This chapter evaluates UV–visible spectroscopy. Within inorganic chemistry, the field of study often associated with UV–visible spectroscopy is that of the coloured transition metal complexes. The energies associated with transitions between different arrangements of valence electrons falls within the ultraviolet (UV) and visible region of the electromagnetic spectrum. Just as the most popular form of vibrational spectroscopy is usually referred to by the region it occurs in—the infrared—so the most popular form of electronic spectroscopy is usually known as UV-visible spectroscopy and is in essence the study of the transitions involved in the rearrangements of valence electrons. The chapter then looks at metal–metal transitions, charge-transfer transitions, and ligand-centred transitions.

Chapter

Cover Inorganic Spectroscopic Methods

Vibrational spectroscopy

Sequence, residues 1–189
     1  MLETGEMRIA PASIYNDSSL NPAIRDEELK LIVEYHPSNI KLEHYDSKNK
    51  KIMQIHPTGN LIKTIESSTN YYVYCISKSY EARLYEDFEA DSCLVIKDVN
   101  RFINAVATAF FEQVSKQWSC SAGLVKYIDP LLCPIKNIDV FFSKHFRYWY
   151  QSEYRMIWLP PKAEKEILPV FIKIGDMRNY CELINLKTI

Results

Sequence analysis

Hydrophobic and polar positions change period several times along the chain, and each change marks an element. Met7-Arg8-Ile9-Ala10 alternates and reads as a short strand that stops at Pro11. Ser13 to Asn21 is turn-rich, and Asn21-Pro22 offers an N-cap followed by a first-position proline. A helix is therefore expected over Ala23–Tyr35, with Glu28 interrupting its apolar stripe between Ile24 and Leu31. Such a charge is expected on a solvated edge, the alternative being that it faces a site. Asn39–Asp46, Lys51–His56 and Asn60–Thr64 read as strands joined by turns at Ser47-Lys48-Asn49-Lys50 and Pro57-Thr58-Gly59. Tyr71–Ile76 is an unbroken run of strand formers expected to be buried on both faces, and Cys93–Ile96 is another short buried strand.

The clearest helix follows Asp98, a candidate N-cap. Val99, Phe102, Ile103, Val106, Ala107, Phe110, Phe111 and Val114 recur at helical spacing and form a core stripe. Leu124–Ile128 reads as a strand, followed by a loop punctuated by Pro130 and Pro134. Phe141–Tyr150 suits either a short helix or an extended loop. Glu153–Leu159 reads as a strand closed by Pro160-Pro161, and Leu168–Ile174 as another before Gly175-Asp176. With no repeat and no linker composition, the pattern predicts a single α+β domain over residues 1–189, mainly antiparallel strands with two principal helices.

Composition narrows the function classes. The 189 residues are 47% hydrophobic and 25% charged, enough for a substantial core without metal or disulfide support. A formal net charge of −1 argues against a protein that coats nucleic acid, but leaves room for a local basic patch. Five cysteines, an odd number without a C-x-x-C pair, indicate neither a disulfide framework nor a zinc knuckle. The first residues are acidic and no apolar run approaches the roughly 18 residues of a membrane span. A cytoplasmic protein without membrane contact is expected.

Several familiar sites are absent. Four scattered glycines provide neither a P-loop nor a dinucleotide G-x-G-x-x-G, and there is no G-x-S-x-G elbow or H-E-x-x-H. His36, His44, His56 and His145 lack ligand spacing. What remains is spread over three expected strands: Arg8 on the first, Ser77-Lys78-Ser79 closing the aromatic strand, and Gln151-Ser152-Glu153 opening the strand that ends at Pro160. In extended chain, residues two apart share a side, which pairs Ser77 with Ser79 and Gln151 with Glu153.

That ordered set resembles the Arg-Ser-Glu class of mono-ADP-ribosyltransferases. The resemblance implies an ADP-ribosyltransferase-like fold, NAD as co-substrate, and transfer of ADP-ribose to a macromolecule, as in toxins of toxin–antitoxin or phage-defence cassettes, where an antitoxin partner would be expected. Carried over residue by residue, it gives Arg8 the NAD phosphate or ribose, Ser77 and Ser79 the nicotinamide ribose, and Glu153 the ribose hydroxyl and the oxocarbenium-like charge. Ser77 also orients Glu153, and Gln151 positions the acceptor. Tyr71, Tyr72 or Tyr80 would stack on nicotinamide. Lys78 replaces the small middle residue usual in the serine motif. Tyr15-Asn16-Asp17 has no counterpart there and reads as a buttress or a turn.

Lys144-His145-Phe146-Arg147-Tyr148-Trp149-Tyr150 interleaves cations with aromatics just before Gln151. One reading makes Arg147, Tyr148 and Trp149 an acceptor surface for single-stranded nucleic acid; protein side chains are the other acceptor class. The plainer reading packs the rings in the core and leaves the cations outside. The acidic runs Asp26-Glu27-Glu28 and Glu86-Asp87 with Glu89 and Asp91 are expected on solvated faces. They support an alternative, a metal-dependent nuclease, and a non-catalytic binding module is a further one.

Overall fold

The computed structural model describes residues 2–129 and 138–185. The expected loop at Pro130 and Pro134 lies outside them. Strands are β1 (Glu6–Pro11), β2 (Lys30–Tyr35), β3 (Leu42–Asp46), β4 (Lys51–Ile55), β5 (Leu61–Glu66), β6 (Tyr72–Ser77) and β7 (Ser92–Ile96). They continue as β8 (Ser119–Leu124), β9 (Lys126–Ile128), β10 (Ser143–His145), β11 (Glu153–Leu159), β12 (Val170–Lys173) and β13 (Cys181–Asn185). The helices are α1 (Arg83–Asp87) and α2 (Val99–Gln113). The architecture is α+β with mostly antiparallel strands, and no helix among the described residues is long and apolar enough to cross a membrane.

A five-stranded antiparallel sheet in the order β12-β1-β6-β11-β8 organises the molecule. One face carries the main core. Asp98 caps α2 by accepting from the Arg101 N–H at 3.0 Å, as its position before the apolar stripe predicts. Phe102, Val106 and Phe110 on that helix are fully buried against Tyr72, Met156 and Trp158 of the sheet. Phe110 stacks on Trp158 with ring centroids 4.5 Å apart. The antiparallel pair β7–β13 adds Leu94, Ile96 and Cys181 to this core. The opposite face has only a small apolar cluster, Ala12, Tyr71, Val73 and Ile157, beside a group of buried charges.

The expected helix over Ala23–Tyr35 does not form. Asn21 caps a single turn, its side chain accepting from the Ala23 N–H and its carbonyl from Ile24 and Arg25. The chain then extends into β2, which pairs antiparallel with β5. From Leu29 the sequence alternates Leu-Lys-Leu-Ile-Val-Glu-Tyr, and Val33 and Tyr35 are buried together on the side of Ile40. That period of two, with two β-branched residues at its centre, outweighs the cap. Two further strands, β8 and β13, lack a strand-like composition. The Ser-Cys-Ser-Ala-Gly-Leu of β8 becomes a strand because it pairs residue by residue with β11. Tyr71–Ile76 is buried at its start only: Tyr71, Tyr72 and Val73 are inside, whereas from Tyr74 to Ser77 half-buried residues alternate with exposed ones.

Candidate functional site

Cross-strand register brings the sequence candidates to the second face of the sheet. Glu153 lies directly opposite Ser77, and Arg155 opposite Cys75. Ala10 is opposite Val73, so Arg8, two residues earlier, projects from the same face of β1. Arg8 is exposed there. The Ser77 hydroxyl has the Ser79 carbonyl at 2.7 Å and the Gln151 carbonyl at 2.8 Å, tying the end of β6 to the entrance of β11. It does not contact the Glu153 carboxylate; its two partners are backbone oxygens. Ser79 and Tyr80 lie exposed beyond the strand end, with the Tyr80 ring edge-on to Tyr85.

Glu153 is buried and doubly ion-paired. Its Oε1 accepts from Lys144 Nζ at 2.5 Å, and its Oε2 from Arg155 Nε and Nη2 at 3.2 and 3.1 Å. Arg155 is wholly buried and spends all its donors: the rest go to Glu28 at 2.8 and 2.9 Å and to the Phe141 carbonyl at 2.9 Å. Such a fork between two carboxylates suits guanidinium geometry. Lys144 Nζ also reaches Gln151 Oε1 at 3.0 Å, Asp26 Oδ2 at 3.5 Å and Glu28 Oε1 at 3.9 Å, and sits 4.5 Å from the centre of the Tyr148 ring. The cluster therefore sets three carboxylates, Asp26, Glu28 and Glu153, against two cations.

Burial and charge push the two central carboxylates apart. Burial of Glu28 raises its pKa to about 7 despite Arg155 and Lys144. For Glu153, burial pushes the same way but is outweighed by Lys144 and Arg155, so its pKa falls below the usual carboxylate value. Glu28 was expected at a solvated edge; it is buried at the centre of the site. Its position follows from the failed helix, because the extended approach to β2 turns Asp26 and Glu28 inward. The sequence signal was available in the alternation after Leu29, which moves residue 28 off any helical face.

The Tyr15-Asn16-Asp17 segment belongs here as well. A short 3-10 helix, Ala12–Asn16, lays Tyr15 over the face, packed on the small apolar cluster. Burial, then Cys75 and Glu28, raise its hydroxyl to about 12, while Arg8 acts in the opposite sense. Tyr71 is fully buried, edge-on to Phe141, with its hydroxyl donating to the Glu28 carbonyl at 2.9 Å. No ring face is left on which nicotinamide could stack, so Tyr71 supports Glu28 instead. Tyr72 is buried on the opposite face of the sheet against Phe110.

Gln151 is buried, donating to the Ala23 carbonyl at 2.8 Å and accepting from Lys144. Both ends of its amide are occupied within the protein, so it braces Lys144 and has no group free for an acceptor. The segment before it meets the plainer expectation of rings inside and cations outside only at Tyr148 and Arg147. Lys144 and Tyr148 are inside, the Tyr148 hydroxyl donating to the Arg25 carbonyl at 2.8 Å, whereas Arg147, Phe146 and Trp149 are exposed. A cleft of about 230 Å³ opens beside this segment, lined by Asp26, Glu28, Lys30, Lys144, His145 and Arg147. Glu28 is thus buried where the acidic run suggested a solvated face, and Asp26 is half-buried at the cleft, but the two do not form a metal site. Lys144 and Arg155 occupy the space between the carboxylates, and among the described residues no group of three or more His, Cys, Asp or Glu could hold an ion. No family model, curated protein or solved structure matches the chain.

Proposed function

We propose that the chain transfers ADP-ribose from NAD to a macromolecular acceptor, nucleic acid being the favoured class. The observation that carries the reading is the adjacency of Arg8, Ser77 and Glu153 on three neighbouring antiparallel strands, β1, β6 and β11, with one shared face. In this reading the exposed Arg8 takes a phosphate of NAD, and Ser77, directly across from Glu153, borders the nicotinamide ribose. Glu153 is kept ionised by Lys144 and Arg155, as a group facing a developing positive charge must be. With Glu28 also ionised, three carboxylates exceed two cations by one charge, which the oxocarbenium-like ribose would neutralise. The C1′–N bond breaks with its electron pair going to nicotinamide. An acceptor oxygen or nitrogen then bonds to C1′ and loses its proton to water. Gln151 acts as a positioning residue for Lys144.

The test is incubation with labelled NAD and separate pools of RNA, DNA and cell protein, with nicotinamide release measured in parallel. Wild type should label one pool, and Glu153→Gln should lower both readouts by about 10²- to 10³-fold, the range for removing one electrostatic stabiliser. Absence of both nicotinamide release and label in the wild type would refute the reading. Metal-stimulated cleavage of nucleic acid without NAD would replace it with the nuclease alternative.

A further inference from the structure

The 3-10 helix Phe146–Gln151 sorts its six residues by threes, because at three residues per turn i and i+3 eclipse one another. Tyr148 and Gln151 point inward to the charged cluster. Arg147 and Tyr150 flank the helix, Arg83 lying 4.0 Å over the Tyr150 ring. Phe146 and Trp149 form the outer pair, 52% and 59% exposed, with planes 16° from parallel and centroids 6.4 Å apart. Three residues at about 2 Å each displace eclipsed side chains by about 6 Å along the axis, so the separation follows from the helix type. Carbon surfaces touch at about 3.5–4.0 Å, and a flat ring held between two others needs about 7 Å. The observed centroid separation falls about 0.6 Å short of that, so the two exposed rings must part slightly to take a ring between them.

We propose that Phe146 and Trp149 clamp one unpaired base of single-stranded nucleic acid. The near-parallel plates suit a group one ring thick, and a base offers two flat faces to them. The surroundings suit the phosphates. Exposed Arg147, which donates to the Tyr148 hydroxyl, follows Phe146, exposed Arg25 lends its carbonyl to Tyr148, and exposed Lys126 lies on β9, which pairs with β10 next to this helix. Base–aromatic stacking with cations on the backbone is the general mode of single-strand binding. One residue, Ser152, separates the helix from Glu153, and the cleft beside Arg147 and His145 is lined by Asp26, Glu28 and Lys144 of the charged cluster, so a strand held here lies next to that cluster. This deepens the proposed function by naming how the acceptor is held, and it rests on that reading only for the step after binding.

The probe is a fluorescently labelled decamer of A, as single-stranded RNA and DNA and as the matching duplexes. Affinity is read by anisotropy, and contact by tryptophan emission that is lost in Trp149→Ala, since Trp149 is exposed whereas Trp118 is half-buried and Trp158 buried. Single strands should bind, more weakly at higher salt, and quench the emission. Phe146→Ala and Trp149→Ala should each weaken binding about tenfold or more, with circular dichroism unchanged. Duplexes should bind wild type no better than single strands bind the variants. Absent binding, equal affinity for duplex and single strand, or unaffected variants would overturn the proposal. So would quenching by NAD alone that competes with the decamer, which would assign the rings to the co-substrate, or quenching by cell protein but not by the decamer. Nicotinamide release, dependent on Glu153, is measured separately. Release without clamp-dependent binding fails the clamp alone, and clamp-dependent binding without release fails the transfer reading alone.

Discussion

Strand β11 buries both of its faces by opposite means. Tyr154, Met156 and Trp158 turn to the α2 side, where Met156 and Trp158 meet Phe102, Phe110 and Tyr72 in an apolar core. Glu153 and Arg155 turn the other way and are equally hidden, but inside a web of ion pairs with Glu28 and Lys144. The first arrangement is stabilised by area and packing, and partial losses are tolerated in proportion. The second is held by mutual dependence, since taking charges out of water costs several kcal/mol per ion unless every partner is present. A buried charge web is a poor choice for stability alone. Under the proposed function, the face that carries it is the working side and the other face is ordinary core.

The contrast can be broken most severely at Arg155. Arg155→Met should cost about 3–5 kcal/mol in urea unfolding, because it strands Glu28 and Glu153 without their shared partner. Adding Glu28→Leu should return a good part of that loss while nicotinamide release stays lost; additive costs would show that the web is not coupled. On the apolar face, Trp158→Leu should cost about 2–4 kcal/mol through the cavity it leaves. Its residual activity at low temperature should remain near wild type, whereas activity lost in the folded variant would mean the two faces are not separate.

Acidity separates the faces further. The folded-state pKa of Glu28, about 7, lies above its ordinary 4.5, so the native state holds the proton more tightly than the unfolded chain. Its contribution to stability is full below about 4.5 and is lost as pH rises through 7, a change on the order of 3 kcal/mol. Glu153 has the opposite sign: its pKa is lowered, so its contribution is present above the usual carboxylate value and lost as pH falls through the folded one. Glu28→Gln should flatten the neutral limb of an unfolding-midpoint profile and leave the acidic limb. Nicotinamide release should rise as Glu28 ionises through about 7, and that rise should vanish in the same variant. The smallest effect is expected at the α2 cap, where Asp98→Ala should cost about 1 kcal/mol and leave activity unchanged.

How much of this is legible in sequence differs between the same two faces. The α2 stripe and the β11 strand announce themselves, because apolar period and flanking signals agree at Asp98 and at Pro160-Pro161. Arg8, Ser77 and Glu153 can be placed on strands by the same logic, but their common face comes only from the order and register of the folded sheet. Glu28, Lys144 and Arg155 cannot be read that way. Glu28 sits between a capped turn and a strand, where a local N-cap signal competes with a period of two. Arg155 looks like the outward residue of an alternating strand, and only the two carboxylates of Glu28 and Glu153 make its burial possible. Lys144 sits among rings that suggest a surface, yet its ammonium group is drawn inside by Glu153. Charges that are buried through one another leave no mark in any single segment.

This chapter discusses vibrational spectroscopy, which was one of the first spectroscopic techniques to be widespread in its use, particularly infrared or IR spectroscopy—so called because of the region of the electromagnetic spectrum used. These forms of spectroscopy are tied up with changes in the vibrational state of molecules. The basis of the IR experiment is to pass infrared radiation through a thin sample of compound and measure which energies of the applied infrared radiation are transmitted by the sample. Infrared spectra can be recorded for solids, liquids, solutions, and gases using a variety of different sampling arrangements, but are probably most commonly recorded as liquids or solutions or of a solid which has been ground up with a mulling agent and pressed between two alkali halide plates. The chapter then considers a second form of vibrational spectroscopy—Raman spectroscopy—which provides similar information but has different physical basis.